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Hard-pressed US ports lack funds to build US Customs new facilities

MARITIME port authorities across the United States claim to have come under mounting pressure from US Customs and Border Protection to build new on-site facilities to house the agency's officers at a time when budgets are being squeezed to construct urgently-needed infrastructure

Hard-pressed US ports lack funds to build US Customs new facilities

MARITIME port authorities across the United States claim to have come under mounting pressure from US Customs and Border Protection to build new on-site facilities to house the agency's officers at a time when budgets are being squeezed to construct urgently-needed infrastructure

06 December 2018 - 19:00

MARITIME port authorities across the United States claim to have come under mounting pressure from US Customs and Border Protection to build new on-site facilities to house the agency's officers at a time when budgets are being squeezed to construct urgently-needed infrastructure.

'From a port perspective, generally CBP staff already have adequate facilities and in most cases these facilities are occupied on non-revenue lease terms,' said American Association of Port Authorities president Kurt Nagle in a letter to CBP Commissioner Kevin McAleenan, reported American Shipper.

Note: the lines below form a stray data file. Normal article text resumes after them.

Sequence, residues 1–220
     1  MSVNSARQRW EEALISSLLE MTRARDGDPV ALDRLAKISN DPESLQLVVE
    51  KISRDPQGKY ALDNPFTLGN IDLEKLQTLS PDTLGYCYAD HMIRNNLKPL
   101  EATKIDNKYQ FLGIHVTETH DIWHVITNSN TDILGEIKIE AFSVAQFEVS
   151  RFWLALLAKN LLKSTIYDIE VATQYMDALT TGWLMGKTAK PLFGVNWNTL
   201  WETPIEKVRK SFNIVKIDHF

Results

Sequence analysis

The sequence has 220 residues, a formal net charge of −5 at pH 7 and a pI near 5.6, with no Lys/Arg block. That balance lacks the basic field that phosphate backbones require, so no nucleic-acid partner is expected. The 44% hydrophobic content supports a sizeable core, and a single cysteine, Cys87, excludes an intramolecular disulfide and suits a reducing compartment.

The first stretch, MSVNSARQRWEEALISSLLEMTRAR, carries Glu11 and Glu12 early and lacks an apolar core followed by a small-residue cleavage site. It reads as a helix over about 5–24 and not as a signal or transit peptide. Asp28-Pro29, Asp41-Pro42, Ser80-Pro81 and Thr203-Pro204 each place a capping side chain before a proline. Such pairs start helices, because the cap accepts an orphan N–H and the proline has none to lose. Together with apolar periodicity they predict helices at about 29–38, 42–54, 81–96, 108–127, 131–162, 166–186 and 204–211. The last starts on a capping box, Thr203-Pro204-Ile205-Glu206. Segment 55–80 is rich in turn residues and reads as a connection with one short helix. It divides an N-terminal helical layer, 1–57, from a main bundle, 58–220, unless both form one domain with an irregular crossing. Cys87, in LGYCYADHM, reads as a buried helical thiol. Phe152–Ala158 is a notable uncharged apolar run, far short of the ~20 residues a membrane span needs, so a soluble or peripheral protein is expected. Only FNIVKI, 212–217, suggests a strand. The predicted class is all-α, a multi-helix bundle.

'What are the CBP housing concerns with existing facilities? Why do they need to be addressed through new construction in order for CBP to meet its mission?' Mr Nagle asked.



The PA believes that the construction of new CBP facilities at sea ports should be sought and approved through the congressional process of appropriating and authorising federal funds, not made the responsibility of state and local governmental authorities.



According to Mr Nagle port authorities, particularly small and midsize operators, lack the additional funds required to build new CBP facilities.



'Many ports already are straining their budgets to build the terminal, road and rail infrastructure needed to address congestion, keep freight flowing and serve the American economy,' Mr Nagle told the CBP Commissioner.



'The costs of the facilities CBP is requesting are substantial and ports face the prospect of delaying other critical projects to meet increasing demands from CBP for new facilities.'



In mid-October Mr Nagle recommended in another letter to both House and Senate homeland security appropriations subcommittees that they consider raising their respective fiscal 2019 budget appropriation proposals to hire 375 CBP officers to 500, above the current annual attrition rate of 700 CBP officers.


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